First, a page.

A Fair time for McCutcheon as Phantom proves a favourite

Story by Jack Foley

INDIELONDON West End favourite The Play What I Wrote was among the winners at the 26th annual Laurence Olivier Awards which were announced on Friday, February 15, 2002, at the Victoria Palace Theatre.

The popular and celebrity-packed production (at Wyndham's Theatre) picked up two awards - for Best New Comedy (for Hamish McColl, Sean Foley and Eddie Braben), while Toby Jones won Best Supporting Actor, beating off some heavyweight competition not least from Ned Beatty in the sublime Cat On A Hot Tin Roof.

However, Foley and McColl narrowly missed out on a memorable hat-trick in the Best Actor category, which went to Roger Allam for Privates on Parade at the Donmar Warehouse. Allam triumphed against the likes of Alan Rickman, who had been nominated for his performance in Private Lives at the Albery.

However, his co-star, Lindsay Duncan scooped the Best Actress prize at the glittering ceremony, having been nominated for her performances in Private Lives and Mouth to Mouth at the Jerwood Theatre Downstairs at the Royal Court.

The Best Actress in a Supporting role went to Marcia Warren for the critically acclaimed Humble Boy, now showing at the Cottesloe.

One of the most keenly anticipated awards of the ceremony was the Audience Award For Most Popular Show, which went to the long-running Sir Andrew Lloyd Webber production, The Phantom of the Opera (visit the site using above link), which beat off strong competition from the likes of Cats, Mamma Mia! and, Indielondon's own recommendation, The Reduced Shakespeare Company.

In the musical category, The Hilton Award For Outstanding Musical Production went to My Fair Lady (book and lyrics by Alan Jay Lerner, music by Frederick Loewe, adapted from Bernard Shaw's Pygmalion and Gabriel Pascal's motion picture at the Lyttelton and now at the Theatre Royal, Drury Lane).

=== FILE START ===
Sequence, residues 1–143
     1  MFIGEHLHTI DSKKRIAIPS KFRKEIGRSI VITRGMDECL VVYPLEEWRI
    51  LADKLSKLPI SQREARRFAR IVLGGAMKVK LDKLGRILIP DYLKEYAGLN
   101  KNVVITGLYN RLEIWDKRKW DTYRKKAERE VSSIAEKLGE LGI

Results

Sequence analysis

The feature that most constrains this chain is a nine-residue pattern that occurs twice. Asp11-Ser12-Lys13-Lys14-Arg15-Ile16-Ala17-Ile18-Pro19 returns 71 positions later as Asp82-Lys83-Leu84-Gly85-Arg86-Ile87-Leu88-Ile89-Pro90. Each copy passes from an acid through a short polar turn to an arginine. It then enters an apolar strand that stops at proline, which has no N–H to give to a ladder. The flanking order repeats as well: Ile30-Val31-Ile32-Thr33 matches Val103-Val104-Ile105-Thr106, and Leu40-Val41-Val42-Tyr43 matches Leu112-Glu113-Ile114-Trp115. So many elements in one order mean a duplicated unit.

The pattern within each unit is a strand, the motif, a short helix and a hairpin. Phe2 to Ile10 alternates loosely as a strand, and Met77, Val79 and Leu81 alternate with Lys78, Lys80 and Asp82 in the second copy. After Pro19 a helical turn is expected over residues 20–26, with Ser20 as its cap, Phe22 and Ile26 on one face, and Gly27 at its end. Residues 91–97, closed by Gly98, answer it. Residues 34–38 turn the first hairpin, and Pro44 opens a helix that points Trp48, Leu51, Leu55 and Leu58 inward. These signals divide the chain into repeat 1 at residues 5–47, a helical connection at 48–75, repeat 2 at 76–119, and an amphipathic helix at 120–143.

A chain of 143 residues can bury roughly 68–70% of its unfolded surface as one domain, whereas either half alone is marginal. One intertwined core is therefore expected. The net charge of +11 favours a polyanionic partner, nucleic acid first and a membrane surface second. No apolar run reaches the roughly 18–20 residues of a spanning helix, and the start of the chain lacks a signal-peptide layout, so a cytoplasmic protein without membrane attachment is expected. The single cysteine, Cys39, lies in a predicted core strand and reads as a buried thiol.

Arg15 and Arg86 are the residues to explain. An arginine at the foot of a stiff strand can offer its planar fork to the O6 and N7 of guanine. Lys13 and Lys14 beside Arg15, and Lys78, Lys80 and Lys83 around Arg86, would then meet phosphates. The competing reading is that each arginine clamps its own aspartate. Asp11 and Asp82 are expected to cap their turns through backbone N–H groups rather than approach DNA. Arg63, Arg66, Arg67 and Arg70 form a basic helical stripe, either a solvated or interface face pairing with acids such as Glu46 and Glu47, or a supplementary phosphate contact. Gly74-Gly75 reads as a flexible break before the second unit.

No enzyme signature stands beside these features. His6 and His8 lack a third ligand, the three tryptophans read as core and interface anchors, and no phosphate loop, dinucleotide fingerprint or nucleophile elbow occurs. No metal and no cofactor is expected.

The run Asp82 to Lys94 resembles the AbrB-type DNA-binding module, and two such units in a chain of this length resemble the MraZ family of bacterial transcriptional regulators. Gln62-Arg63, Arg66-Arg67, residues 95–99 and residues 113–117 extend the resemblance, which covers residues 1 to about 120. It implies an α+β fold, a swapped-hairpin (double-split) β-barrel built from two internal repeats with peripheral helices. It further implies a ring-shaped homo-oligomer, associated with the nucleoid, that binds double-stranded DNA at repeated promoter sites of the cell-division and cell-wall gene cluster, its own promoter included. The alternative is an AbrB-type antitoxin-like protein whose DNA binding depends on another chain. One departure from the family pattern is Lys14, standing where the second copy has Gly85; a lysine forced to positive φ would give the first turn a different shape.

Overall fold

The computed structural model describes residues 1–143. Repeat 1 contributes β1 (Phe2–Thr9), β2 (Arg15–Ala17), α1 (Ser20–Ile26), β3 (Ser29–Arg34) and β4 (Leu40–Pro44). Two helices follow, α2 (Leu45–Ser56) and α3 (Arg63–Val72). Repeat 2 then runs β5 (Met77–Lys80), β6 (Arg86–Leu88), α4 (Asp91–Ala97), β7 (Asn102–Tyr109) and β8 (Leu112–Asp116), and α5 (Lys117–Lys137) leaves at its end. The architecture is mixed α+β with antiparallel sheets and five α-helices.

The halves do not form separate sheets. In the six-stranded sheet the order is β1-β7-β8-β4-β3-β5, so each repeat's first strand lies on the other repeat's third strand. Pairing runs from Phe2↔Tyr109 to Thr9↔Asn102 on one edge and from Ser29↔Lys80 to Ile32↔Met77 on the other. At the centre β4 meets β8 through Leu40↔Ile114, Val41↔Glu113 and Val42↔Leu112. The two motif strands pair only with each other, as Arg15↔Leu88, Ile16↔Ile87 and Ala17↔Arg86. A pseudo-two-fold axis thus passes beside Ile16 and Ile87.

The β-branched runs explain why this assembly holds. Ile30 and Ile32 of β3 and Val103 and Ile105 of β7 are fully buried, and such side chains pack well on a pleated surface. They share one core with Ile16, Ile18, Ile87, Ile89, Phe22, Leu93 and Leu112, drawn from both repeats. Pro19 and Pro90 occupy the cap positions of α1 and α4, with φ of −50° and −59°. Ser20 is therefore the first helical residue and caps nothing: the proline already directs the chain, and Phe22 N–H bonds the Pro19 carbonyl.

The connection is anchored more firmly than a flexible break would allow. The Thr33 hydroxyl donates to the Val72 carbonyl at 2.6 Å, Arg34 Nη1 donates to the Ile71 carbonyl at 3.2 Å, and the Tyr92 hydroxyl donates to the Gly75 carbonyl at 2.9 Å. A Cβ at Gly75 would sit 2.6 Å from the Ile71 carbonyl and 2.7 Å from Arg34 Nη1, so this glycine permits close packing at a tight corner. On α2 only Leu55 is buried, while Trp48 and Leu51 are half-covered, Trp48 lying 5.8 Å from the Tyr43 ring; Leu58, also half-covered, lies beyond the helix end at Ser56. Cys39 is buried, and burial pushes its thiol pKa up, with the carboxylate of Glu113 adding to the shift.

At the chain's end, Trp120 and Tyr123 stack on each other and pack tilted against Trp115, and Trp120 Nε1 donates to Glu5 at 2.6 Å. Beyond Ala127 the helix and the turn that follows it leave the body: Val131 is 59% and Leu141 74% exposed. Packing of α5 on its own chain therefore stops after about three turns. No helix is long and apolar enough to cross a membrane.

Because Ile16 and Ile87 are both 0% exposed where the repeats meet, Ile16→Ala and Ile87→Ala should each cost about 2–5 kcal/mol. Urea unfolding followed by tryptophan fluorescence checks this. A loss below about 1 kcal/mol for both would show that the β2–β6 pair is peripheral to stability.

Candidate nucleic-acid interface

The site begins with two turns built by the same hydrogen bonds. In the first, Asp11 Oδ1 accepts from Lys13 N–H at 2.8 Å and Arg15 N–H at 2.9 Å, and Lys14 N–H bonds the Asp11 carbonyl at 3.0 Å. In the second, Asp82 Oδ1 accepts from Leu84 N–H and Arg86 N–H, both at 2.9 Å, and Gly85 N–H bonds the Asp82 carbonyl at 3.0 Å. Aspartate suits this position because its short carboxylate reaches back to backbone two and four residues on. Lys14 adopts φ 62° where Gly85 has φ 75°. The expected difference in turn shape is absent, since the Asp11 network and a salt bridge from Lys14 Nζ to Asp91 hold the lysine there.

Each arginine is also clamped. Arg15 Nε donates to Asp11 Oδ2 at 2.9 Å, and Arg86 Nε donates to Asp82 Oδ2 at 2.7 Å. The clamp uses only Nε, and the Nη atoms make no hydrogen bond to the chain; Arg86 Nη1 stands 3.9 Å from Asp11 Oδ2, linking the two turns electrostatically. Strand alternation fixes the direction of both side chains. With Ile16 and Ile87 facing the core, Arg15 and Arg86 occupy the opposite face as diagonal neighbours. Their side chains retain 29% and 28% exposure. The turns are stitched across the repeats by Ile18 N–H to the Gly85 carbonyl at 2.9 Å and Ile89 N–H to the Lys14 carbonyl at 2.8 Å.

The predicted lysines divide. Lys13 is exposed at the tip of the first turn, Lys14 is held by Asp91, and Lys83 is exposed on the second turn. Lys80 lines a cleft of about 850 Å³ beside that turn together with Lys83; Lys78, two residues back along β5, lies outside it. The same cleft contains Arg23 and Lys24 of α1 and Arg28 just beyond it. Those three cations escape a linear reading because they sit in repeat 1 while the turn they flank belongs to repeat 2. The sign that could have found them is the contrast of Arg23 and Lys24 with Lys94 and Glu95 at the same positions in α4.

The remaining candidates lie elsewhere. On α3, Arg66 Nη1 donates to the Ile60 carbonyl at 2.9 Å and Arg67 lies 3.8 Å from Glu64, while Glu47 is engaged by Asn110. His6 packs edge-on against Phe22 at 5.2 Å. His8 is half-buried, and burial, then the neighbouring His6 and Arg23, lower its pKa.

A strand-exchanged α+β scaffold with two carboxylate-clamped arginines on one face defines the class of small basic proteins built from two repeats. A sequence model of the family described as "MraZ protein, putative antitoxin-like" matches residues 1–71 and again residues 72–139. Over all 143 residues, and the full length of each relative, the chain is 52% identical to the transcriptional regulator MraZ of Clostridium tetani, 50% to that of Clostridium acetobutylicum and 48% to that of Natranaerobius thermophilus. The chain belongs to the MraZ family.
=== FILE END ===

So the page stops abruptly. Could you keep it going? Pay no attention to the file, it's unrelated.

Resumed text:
Other nominees included Kiss Me, Kate, showing at the Victoria Palace, and highly rated by Indielondon's critic, Paul Nelson.

Indeed, My Fair Lady was one of the big winners of the day, with its star, former Eastender Martine McCutcheon taking the award for Best Actress in a Musical or Entertainment, beating Kiss Me Kate's Marin Mazzie to the honour, and the musical itself gaining the Hilton Award for Outstanding Musical Production. Matthew Bourne also won the Best Choreographer prize.

Philip Quast was named Best Actor in a Musical or Entertainment for South Pacific at the Olivier, while Best Performance in a Supporting Role in a Musical or Entertainment went to Martyn Jacques for Shockheaded Peter, at the Piccadilly.

The BBC Award for Best New Play, went to Jitney, by August Wilson, at the Lyttelton.

Other award winners were:

Best Entertainment: Shockheaded Peter created and devised by Julian Bleach, Anthony Cairns, Julian Crouch, Graeme Gilmour, Tamzin Griffin, Jo Pocock, Phelim McDermott, Michael Morris and The Tiger Lillies (Martyn Jacques, Adrian Huge and Adrian Stout) at the Piccadilly.

Best director: Michael Boyd for Henry VI Parts I, II and III and Richard III at the Young Vic.

Best Set Designer: Tim Hatley for Humble Boy, at the Cottesloe and Private Lives at the Albery.

Best Costume Designer: Jenny Beavan for Private Lives.

Best Lighting Designer:
Mark Henderson for A Midsummer Night's Dream at the Albery and The Playboy of the Western World at the Cottesloe.

Most Promising Playwright: Grae Cleugh for Fucking Games at the Jerwood Theatre Upstairs at the Royal Court.

Most Promising Performer: Benjamin Davies for Fucking Games.

Best New Opera: The Royal Opera's Boulevard Solitude at the Royal Opera House.

Best New Dance Production: Sankai Juku's Hibiki at Sadler's Wells.

Special Award: Rupert Rhymes

Outstanding Achievement Award: Trevor Nunn